I spent the past semester in London (check out my study abroad blog here!), and one of my classes was called British Broadcasting Today. In it, we learned about how television is run in the UK, how the BBC has fared in the time of cable television and rival networks, and the content differences between US and UK TV.
An amazing feature that the UK has is almost unlimited online streaming for its three major networks: BBC, Channel 4, and ITV. Unlike the big American networks that may just post the past week’s new episodes and take them down after some time, the UK online archives will include full seasons, cancelled shows, and even old shows from the ’90s.
And the best part? It’s all free.
Throughout the semester, we were encouraged to explore this online content and take notes on what we watched. I would watch a British show even if I was just relaxing after a long day, and still keep up on certain shows now that I’m home (psst – you may or may not be able to access this full range of British TV by looking into this Chrome extension). Maybe it’s because I miss London life more every day, but I thought I’d share some of the British shows that I discovered over there with you today!
1. Dinner Date (ITV, 2010 – present)
A single man or woman consults five dinner menus crafted by prospective dates, and picks three of the menus to eat on a date with each meal’s creator. Balancing between genuine and ridiculous, Dinner Date has the snarkiest narrator I have ever heard on TV (British television is far more blunt and sarcastic than American TV, and has less censorship) and there are so many hilarious moments where you have a double-take and think, “Did she really just say that?!” Plus, who doesn’t love seeing food on their TV screen?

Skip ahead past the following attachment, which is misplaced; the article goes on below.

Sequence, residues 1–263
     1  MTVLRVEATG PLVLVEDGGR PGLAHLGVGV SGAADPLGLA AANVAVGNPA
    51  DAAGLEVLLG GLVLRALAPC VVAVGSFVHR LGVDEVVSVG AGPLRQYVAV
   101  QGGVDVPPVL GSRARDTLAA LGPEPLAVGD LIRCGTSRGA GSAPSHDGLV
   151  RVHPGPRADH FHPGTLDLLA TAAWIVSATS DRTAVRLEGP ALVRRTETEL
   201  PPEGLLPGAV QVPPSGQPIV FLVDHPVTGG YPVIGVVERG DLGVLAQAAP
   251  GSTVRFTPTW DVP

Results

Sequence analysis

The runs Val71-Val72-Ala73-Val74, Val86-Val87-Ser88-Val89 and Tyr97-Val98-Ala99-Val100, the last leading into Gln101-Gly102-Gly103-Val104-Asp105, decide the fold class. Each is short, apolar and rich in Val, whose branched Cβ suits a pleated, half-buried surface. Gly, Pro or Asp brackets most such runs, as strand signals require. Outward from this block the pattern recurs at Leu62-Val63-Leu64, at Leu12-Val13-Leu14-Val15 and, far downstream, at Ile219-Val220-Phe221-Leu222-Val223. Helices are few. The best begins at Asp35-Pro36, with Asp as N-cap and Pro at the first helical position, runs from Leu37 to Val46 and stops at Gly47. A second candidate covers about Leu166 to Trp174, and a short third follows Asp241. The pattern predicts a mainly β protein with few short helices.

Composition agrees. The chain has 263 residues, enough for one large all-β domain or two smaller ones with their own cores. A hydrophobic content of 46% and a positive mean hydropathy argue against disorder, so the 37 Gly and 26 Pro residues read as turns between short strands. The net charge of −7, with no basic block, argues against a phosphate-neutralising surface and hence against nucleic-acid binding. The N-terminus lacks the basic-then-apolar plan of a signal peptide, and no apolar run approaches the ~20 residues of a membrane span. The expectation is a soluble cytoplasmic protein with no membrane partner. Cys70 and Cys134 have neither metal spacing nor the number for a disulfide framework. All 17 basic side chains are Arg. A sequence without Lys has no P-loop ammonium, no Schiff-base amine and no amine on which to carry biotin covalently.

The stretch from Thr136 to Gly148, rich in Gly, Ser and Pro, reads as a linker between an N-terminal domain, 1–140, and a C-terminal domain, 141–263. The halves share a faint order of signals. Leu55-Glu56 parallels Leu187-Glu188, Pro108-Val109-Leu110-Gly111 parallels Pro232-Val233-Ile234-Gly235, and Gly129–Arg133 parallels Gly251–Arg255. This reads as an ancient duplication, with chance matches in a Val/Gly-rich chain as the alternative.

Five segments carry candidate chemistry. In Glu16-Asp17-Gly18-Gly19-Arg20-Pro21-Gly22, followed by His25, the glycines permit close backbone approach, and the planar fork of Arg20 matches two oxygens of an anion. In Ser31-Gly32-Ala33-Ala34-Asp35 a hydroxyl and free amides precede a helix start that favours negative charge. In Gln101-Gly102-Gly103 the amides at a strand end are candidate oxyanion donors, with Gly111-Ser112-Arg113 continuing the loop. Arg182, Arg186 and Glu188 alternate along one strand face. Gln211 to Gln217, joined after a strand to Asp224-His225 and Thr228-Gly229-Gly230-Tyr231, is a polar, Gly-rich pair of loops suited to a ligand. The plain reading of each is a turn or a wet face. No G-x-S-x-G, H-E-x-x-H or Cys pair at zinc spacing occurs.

2. First Dates (Channel 4, 2013 – present)
Also seeking to help people find love, First Dates feels a little less gimmicky than Dinner Date and uses the old-school style of relying on face-to-face conversation to get to know each other. I wrote a paper about how British reality romance TV feels way more simple and dignified than what is seen in America, and I think you just have to watch a few minutes of First Dates to see this. Yes, there are still the common wacky conversations and people you find on reality TV, but there is a sense of sweet genuineness here that I like.
3. Teachers (Channel 4, 2001 – 2004)
I started watching this the week I came home and immediately became obsessed! This is a funny and realistic look into the everyday lives of young secondary school teachers, and it even has a whimsical, fantasy side at some points. It’s also full of actors you’re sure to recognize – look out for a baby-faced James Corden as one of the students and a younger Baxter from Downton Abbey as the psychology teacher Susan. The main character is played by Andrew Lincoln, known in the States for his roles in The Walking Dead and Love Actually.
4. The Graham Norton Show (BBC, 2007 – present)
Out of this list, this late-night talk show is probably the most known in the States because it also airs on BBC America. I went on a binge of the latest episodes one night in London, and this show featuring Kate Winslet, Michael Fassbender, Julie Walters, and 50 Cent had me giggling so much that my roommate asked what I was watching. I really love this format in a chat show; it feels so much more relaxed and natural than some of the one-on-one interviews we have here. Brit James Corden does the all-guests-on-the-couch format, too, so I wonder if this is just common among the UK’s other talk shows?
5. Fresh Meat (Channel 4, 2011 – present)
This was the first show I watched after being assigned to start watching some British TV. Since then, I’ve only seen the first episode, but, seeing as it’s the story of university students living together, it’s very relatable and seems like a very fun show!
Have you seen any international TV lately? What are your favorites?